Stronger Than Death

“Tell me!” Garrick leaned in, his face red, his teeth clenched. This close, Leylan saw the small shaving cut on Garrick’s chin.

Leylan would have smiled at the thought of Garrick making a mistake, but that would have reopened the wounds in his own face. He’d tasted too much blood already.

“No,” he said through unmoving lips. Tight bruising had closed his left eye, and the vision from his right was blurred and watery, but he met Garrick’s gaze as best he could.

The man shook with rage. He turned and bellowed, “Hurt him!”

One of Garrick’s thugs stepped forward, fist slamming into open palm. The manic grin on the thug’s face was brutish, the scar across his lips turning it monstrous.

Leylan tensed himself. Tight cords bit into his wrists and ankles, and the wooden chair splintered into his naked body. The thug walked round Leylan, disappearing from view. He felt pressure on the little finger of his left hand, a pincer grip. Then red-hot pain shot through his arm.

He screamed, wounds opening on his cheeks, tasted copper once again.

Garrick’s cologne was cloying, almost effeminate. “Tell me what I want to hear,” he said.
Leylan spat, a trickle of blood running down his chin. He shook his head, even though the room span and white-hot light burnt in his mind.

Garrick signalled to the thug. Leylan tensed again, and this time he forced his lips closed, kept the scream inside as another finger was snapped like a twig.

But it was only pain. It was nothing. Everything hurt, and so nothing hurt.

“You think you can hold out forever?” Garrick stepped back, regained his composure.

Seeing the man almost lose it had been a small victory, and Leylan relished it. Moments like that would help, until this nightmare ended.

“You think you can do anything to make me talk?” he said, his voice cracking. The words sounded stronger in his head.

“No,” Garrick said, in a quiet voice that dripped confidence. “I don’t think I can make you talk. I know it.”

“I’ll die before I tell you.”

Of course, in any way that mattered he was already dead. When they took her life, they took his too. This pain was only fleeting existence.

He felt Garrick’s eyes travel his body. Leylan knew his face was swollen, there was a deep rend down his right arm where the blood was already black, his chest was bruised, shards of white peered through the gory mess that was his shattered knee, and his feet were crushed and mutilated.

“You’re in pain?”

Leylan didn’t answer. He pulled in a breath, his ribs rubbing harshly, his lungs wheezing.

Garrick shook his head, barked an ugly laugh. “This isn’t pain. This is‌…‌just an appetiser. I see unmarked flesh, and bones in their correct alignment. I see a spark of sanity left in your eyes. I see how you contract your muscles still. So there is a great deal more work to be done to your body.”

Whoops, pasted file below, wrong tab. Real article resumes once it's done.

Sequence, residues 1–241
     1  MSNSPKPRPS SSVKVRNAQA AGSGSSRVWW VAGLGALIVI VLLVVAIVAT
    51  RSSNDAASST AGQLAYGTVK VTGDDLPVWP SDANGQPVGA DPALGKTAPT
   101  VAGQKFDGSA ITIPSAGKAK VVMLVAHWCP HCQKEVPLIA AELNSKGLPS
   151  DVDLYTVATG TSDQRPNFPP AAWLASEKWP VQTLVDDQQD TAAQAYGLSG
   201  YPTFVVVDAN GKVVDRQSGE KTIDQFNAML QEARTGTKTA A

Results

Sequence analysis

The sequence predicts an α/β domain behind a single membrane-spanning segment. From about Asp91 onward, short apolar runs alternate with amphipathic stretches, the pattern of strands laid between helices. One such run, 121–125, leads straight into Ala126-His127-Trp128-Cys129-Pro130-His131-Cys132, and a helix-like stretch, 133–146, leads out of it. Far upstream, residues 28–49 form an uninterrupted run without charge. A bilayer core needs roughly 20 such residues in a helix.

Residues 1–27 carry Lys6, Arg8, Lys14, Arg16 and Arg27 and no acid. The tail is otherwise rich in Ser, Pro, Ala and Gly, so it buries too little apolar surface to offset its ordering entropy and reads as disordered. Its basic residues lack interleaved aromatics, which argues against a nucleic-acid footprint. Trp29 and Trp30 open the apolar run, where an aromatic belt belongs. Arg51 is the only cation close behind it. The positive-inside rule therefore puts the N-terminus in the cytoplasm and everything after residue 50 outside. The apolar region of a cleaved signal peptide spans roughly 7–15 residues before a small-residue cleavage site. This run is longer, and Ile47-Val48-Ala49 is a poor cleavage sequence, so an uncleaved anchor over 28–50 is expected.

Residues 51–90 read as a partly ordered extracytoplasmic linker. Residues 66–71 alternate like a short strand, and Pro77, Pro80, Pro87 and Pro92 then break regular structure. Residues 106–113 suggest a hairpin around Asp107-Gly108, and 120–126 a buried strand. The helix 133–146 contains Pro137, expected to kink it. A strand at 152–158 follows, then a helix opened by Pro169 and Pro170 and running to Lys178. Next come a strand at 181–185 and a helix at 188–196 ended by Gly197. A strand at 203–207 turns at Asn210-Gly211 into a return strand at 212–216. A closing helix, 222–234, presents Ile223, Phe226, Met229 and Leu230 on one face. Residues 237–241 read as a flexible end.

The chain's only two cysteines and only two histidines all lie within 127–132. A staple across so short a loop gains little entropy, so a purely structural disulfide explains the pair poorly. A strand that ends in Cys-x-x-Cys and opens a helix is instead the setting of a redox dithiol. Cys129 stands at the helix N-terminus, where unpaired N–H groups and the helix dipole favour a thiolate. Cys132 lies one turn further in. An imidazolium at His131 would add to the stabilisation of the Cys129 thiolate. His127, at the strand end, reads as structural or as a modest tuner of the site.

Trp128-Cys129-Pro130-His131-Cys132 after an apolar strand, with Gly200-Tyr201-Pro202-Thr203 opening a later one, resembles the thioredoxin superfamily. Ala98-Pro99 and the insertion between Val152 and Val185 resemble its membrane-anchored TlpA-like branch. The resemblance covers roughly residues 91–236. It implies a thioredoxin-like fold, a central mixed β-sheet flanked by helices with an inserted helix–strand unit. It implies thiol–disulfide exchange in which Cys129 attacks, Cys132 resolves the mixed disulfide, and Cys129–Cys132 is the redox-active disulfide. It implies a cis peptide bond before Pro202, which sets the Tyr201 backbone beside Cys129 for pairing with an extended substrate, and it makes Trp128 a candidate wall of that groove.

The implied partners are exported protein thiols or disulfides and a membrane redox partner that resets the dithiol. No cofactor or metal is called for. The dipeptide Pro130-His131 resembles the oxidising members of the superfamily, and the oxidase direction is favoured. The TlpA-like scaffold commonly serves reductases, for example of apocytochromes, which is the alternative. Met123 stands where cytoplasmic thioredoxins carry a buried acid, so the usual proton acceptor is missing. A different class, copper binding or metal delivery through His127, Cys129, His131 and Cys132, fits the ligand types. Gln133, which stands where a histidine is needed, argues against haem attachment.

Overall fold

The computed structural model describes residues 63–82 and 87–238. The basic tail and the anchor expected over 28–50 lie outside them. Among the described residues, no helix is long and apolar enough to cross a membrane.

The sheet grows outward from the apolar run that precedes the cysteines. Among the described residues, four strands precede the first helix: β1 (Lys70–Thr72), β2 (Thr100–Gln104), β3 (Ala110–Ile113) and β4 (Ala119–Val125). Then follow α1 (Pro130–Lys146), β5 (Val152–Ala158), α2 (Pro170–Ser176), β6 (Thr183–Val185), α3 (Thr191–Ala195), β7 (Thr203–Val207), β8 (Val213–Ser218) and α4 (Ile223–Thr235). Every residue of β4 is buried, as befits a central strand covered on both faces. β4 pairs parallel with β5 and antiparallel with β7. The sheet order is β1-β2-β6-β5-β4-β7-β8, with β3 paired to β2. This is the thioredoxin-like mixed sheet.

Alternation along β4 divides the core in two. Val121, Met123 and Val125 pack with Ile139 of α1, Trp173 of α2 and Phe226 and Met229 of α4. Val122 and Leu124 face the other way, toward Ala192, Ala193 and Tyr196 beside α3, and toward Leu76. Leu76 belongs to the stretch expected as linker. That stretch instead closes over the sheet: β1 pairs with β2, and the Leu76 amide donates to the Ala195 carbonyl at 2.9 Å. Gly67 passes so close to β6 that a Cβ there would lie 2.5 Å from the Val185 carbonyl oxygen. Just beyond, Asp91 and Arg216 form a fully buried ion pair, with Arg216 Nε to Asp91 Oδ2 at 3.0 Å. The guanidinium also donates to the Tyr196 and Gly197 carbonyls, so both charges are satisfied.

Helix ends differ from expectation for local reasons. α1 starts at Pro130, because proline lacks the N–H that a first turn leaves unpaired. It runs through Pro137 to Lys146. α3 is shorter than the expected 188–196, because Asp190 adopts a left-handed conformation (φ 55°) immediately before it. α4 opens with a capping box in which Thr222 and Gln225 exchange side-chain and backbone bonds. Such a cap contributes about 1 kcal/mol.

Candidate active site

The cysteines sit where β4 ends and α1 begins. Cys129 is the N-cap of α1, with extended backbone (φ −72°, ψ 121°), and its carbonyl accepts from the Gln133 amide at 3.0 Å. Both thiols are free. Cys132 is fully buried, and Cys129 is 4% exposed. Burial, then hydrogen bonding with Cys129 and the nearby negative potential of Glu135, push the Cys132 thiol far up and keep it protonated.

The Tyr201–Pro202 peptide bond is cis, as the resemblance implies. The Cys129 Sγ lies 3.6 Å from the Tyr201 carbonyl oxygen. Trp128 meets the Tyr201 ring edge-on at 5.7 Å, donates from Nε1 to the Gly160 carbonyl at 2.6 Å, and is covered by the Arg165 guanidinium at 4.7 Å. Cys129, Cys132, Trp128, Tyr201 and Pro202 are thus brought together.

“It’s only a body.”

The man nodded, slowly. He raised a hand, flattened his hair back. “Of course it is. A body, just like that of the woman. What was her name? Leath‌—‌yes, Leath.”

Leylan couldn’t stop the surge of memories, so he welcomed them, witnessed again the blessed moment when she’d passed, when Garrick’s men no longer violated the real Leath but merely used her empty carcass.

Garrick leered. “Ah‌—‌reaction! But maybe you’re still holding back. Maybe we need to mention others‌…‌like the girl.”

Leylan’s heart twisted in his chest. He clenched his eyes tight against this monster’s intrusion.

“What was the name your woman cried out, when my men had their pleasure? Kheela, that’s it. Sweet name.”

Garrick laughed. The sound cut through Leylan, sharper than any blade, deeper than any needle. It twisted his muscles, snapped his bones, inflamed his mind.

“You want to die,” the man said. “You want your physical pain to end. You want oblivion. But you can’t expect me to give you what you want. No, I’ll keep your memories alive, force you to relive your woman’s final moments every waking moment. And as for Keelah‌—‌so much potential, don’t you think?”

“What have you done to her?” Leylan spat between clenched teeth.

Garrick waved a finger. “Tell me what I want to hear, and I might let you know. I suggest you think about your position here.” And then he signalled to the thug, and they both walked away, into the shadows. A door slammed, leaving Leylan alone with his memories.

He knew how Garrick operated, how each prisoner was tortured, forced to divulge more names, more enemies for Garrick to capture and torture in turn. The cycle would continue, because a monster like Garrick thrived on enemies.

But he’d learn nothing from Leylan.

Let Garrick believe he could use Kheela’s name as a weapon. It was all a bluff‌—‌there was no way the man had the girl, or would ever lay a finger on her.

Kheela. The contours of her name were a balm to his mind, and the memories soothed his wracked body. Wonderful Kheela, perfect in eternity.

Someone like Garrick would never understand, of course. Leylan had done what needed doing, had performed the damnable deed, the only way to save the girl. From that moment, nothing else mattered, and Leylan welcomed the inevitable.

Leath understood. When she’d cried out Kheela’s name, it was an incantation to ward off the pain. It gave her the strength to endure those final moments.

The same was true for Leylan. The memory of Kheela was his impenetrable shield against anything Garrick could throw at him. And when that monster grew tired of these games, when he allowed his thugs to complete their work, Leylan would be with his family once more.


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